YOUTH MEDIA: YOUTH INTELLIGENCE - Agencies are keen to give the impression that they’re clued up about youth markets, but strategies for getting to know what the kids want vary widely. Mairi Clark reports

Capturing the youth market may seem easy to some agencies. It’s part of their core offering and they are staffed by young, trendy youth consultants in Diesel trainers and turned-up jeans, listening to trance on the office stereo and text-messaging their mates. For other agencies, however, it can be a struggle - not least because they’re trying to balance a youth proposition with a traditional image that will retain more sober business brands as clients.

Capturing the youth market may seem easy to some agencies. It’s

part of their core offering and they are staffed by young, trendy youth

consultants in Diesel trainers and turned-up jeans, listening to trance

on the office stereo and text-messaging their mates. For other agencies,

however, it can be a struggle - not least because they’re trying to

balance a youth proposition with a traditional image that will retain

more sober business brands as clients.



Despite pronouncements that youth isn’t where it’s at any more, there

are clients that are obsessive about tapping into the market and

agencies are expected to know their Moby from their Mogwai. So what

basis is there to the agencies’ various claims to be youth gurus?



Agencies such as St Luke’s, Mother, Rainey Kelly Campbell Roalfe and

Bartle Bogle Hegarty are edgy enough to inspire the confidence of youth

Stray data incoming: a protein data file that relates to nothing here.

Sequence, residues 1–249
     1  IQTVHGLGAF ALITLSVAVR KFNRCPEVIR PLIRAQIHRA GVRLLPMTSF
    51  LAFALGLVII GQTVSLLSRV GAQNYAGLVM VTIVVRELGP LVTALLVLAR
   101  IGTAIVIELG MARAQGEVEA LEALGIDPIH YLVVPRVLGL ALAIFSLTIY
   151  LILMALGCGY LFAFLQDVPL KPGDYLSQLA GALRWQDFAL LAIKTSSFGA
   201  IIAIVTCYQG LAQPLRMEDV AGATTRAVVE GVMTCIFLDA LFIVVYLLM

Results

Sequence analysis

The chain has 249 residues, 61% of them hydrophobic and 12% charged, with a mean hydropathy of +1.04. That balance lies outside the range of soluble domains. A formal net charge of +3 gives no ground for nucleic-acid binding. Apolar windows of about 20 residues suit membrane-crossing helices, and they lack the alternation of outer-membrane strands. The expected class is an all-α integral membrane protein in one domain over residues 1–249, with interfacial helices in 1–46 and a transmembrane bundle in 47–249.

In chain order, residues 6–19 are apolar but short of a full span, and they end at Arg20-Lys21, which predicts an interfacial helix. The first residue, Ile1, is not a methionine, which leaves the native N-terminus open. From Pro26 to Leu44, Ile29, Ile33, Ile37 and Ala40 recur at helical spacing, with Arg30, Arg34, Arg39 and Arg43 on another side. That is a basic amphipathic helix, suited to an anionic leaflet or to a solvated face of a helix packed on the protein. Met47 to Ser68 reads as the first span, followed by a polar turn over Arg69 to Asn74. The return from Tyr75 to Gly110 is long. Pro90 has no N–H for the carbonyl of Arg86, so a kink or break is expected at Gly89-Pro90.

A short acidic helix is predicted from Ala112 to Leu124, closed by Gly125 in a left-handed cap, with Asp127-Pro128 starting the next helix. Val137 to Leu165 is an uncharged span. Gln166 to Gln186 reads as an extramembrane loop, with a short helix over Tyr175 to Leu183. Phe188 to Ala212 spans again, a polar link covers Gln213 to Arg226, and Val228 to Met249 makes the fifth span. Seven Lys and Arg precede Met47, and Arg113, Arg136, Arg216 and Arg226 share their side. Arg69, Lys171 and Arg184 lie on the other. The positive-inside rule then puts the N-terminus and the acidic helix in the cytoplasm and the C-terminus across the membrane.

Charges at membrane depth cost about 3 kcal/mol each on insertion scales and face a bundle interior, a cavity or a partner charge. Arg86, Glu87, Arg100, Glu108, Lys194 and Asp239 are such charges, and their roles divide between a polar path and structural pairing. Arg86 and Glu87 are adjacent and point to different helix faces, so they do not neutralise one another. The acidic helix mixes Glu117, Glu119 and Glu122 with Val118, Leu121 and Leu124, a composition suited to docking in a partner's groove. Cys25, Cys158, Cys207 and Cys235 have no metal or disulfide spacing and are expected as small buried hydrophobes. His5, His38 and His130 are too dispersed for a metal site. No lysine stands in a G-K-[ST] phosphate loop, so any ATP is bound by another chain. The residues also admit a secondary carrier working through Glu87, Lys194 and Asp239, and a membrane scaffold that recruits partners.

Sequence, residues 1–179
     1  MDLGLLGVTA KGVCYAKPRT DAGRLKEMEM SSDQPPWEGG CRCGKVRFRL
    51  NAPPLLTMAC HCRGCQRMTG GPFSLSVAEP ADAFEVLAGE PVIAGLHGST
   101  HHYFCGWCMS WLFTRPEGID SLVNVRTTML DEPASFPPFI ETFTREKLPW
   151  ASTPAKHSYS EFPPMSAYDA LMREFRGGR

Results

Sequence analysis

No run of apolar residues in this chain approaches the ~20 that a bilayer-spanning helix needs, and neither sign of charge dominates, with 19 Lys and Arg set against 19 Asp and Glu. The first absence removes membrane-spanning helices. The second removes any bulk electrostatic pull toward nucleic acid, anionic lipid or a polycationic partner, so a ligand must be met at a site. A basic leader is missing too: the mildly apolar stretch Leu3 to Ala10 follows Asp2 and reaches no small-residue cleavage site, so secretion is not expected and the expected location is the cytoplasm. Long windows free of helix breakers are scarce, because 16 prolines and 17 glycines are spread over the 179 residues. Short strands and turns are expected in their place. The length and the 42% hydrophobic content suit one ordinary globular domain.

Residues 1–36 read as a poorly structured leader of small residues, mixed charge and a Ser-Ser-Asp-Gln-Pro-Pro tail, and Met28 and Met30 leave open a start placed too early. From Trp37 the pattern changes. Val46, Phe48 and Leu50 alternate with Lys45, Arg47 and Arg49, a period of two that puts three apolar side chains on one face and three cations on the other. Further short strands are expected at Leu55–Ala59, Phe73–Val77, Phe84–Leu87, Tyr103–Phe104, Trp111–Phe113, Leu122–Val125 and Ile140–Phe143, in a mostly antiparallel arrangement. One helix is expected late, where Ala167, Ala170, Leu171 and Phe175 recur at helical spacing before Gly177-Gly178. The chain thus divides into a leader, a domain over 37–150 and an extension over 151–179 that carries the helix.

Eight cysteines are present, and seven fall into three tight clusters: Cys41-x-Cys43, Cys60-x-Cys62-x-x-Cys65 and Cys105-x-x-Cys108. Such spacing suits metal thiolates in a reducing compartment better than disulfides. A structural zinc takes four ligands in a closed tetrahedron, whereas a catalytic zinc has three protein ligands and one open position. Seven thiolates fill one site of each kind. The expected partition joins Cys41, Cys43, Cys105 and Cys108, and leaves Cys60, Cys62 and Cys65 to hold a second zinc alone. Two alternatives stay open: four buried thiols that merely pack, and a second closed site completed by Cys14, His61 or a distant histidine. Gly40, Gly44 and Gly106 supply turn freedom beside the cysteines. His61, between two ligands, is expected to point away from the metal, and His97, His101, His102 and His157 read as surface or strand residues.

brands such as Boots No7 and Levi’s. More traditional agencies tend to

use outside research groups, such as BMRB and RDSi, who carry out

research into children’s behaviour.



Others have their own brand research projects. Leo Burnett relies

heavily on its Kidscope research, which has been running for three

years. Originally focusing on UK children, it has expanded to include

children from the US, Hong Kong and Australia. Denise Gardner, head of

research and development at Starcom, Leo Burnett’s media arm, who is

responsible for Kidscope, says: ’I think you need a mixture of both

youth mentality and grown-up seriousness. Our research works

independently and collaboratively and is applied to all our clients.

Some of it is general but for certain clients, we do specific

research.’



BMP DDB carries out research through the ROAR syndicate, while other

agencies have backed standalone units or spin-off agencies.

McCann-Erickson made a foray into youth advertising when it set up Magic

Hat four years ago. Although it hasn’t made as big a splash as was

expected, Magic Hat has worked with Nescafe and was recently appointed

by the music channel, VH-1. McCann has also launched McCann Junior,

which carries out research among children.



Other agencies have found that creating a youth arm isn’t the ideal

solution.



Two years ago, BBJ Media set up Full Circle. Although it was originally

positioned as a standalone youth agency it no longer pitches directly to

clients. Instead its knowledge is incorporated into the main agency’s

offering. Full Circle was initially managed by BBJ’s marketing director,

Nigel Morris, who remains involved in an advisory capacity. Morris says:

’We felt that Full Circle would work best as an internally focused

agency.



Its ambition has changed from being ’we want to be a youth agency’ to

’we want to be more creatively focused’. We created Full Circle to get a

different way of thinking in the agency. Two years on, we feel the

company has benefited and so have our clients.’